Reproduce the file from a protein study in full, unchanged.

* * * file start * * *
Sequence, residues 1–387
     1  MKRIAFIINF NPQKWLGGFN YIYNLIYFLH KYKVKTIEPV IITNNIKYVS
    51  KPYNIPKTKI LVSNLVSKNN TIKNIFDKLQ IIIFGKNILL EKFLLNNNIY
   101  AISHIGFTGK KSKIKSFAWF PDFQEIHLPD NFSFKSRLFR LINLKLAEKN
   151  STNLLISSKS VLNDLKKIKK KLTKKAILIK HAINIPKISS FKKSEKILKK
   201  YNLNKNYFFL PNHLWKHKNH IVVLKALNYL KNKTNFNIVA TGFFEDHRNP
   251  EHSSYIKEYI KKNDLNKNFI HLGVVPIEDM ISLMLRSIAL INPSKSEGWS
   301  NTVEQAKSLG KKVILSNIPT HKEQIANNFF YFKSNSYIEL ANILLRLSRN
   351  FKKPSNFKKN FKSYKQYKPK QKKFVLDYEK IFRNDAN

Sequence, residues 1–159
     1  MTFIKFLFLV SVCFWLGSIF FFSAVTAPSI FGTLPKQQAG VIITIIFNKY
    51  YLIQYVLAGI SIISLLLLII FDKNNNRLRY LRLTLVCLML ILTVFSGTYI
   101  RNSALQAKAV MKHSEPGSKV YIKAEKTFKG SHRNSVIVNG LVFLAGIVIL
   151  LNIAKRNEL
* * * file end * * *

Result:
Sequence, residues 1–387
     1  MKRIAFIINF NPQKWLGGFN YIYNLIYFLH KYKVKTIEPV IITNNIKYVS
    51  KPYNIPKTKI LVSNLVSKNN TIKNIFDKLQ IIIFGKNILL EKFLLNNNIY
   101  AISHIGFTGK KSKIKSFAWF PDFQEIHLPD NFSFKSRLFR LINLKLAEKN
   151  STNLLISSKS VLNDLKKIKK KLTKKAILIK HAINIPKISS FKKSEKILKK
   201  YNLNKNYFFL PNHLWKHKNH IVVLKALNYL KNKTNFNIVA TGFFEDHRNP
   251  EHSSYIKEYI KKNDLNKNFI HLGVVPIEDM ISLMLRSIAL INPSKSEGWS
   301  NTVEQAKSLG KKVILSNIPT HKEQIANNFF YFKSNSYIEL ANILLRLSRN
   351  FKKPSNFKKN FKSYKQYKPK QKKFVLDYEK IFRNDAN

Sequence, residues 1–159
     1  MTFIKFLFLV SVCFWLGSIF FFSAVTAPSI FGTLPKQQAG VIITIIFNKY
    51  YLIQYVLAGI SIISLLLLII FDKNNNRLRY LRLTLVCLML ILTVFSGTYI
   101  RNSALQAKAV MKHSEPGSKV YIKAEKTFKG SHRNSVIVNG LVFLAGIVIL
   151  LNIAKRNEL